4. IPAB to fix statutory licensing rate for radio broadcast royalties after 10 years

In this very significant development, IPAB passed an interim order maintaining the status quo of the royalty rate for radio broadcasts for statutory licenses under Section 31D of the Copyright Act. Subsequently, IPAB also issued a public notice inviting suggestions from stakeholders regarding fixing the royalty rates. The royalties had last been determined by the now-defunct Copyright Board in 2010, fixing them at a rate of 2% of the net advertisement revenues of the radio organizations from radio business, charged on a pro-rata basis. IPAB’s order fixing the rates, passed yesterday, can be viewed here.]

5. Draft Competition (Amendment) Bill, 2020 proposed extension of IP exception to abuse of dominance cases

In February 2020, the Ministry of Corporate affairs came up with the draft Competition (Amendment) Bill, 2020, pursuant to the recommendations of Competition Law Review Committee. Among several other new provisions, the Bill proposed a new Section 4A. This was not a brand-new addition as such, as it extends the similar provision to Abuse of Dominance (AoD) cases that was hitherto applicable to anti-competitive agreements in the form of Section 3(5) as a ‘balancing’ provision. A closer look at the existing Section 3(5) or at the newly proposed Section 4A clarifies that it is not a blanket exemption to IP rights from the application of competition law as such, rather it is a declaration to affirm the right of an IP holder to safeguard her intellectual property. Vikas Kathuria argued on the blog that this seemingly benign declaration, however, may create new problems in the AoD cases related to intellectual property.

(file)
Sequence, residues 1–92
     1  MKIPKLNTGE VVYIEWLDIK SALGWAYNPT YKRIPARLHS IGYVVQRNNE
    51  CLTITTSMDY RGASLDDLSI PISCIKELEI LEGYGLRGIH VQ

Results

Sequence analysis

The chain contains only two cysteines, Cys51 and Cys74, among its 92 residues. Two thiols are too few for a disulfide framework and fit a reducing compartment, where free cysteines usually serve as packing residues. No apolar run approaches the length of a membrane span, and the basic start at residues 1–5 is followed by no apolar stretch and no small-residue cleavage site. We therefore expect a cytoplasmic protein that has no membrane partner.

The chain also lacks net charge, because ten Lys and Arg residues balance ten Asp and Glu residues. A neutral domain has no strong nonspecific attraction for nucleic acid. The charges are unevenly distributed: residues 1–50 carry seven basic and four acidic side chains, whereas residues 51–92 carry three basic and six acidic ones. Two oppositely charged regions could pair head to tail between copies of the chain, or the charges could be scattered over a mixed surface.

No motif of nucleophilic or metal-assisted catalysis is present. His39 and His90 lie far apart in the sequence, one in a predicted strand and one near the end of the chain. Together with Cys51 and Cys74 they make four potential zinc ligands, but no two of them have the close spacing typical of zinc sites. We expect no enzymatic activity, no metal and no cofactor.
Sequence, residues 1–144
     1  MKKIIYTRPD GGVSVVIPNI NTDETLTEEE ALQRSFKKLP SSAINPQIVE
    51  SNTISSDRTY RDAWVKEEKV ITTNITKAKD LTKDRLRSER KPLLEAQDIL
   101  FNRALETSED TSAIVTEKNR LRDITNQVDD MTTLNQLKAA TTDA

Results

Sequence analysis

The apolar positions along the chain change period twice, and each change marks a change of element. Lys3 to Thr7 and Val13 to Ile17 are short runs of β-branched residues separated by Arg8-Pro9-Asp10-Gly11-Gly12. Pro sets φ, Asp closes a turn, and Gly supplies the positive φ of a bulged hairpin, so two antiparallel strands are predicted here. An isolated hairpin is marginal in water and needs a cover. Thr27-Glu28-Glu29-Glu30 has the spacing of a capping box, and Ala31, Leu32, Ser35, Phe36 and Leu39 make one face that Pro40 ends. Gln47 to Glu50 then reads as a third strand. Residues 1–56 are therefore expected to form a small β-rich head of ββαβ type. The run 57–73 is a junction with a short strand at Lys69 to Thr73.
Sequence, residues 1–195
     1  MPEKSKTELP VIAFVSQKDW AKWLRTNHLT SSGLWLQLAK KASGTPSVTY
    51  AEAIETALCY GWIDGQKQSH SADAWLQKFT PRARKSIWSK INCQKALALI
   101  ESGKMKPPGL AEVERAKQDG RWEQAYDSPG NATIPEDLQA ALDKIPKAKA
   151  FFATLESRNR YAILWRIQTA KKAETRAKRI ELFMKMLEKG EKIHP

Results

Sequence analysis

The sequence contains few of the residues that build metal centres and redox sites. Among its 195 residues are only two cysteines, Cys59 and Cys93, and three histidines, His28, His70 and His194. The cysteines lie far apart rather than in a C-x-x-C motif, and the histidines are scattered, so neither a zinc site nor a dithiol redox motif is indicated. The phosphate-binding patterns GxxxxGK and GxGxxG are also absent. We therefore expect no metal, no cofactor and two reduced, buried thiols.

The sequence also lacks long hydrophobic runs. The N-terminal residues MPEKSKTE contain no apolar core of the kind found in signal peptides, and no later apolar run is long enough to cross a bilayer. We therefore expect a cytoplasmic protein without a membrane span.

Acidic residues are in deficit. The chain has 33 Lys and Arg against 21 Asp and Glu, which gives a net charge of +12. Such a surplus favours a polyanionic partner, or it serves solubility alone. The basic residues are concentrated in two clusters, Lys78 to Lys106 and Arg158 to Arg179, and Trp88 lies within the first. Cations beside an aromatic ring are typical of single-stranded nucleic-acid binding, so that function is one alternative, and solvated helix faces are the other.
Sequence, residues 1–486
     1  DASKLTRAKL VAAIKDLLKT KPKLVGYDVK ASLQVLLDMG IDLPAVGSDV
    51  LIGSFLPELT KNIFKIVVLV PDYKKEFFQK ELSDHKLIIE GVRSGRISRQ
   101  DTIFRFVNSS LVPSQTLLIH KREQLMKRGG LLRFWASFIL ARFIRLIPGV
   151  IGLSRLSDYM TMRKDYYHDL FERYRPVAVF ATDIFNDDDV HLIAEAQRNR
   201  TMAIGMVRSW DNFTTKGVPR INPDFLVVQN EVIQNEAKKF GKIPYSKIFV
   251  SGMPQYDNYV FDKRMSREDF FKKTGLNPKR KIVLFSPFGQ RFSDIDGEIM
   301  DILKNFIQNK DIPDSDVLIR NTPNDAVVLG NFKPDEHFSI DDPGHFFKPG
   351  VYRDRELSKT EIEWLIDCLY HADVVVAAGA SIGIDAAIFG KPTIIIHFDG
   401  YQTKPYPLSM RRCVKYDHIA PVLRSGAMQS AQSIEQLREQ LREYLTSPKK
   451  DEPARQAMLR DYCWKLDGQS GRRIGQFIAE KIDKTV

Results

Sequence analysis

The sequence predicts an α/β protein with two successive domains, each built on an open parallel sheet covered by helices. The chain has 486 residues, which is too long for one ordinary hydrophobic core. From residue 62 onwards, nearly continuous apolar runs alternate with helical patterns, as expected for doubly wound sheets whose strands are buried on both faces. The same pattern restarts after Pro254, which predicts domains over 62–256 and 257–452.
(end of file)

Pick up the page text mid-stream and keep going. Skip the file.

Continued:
6. NDLI published a draft of India’s first copyright guide for Indian libraries 

The National Digital Library of India (NDLI) came up with India’s first Copyright Guide for Indian Libraries. The stated objective of NDLI is to educate, enable and empower the youth using quality knowledge and learning resources while harnessing the power of the digital medium. The Guide was created, keeping in mind our current age where new technologies and gatekeepers of knowledge make it difficult for librarians to understand and deal with multiple issues pertaining to copyrights. It is a crisp 20 page document for public review and NDLI had invited feedback on it by 30th September, 2020 via a Google form. Overall, the Guide seems to have been drafted, keeping accessibility in mind. To that effect, it tried to simplify the complicatedly drafted provisions in the Indian Copyright Act pertaining to library exceptions. It purports to be a skeletal explanation of the law as it stands and the rights implicated in the functions of the library. Anupriya responded to some questions posed in the feedback questionnaire on the blog. She also argued that templates and declarations meant to scope permissible and impermissible uses, can contribute to a permissions and clearance culture that inevitably restricts fair dealing.

7. Govt axed Bt cotton licensing royalties paid by Indian seed companies to Bayer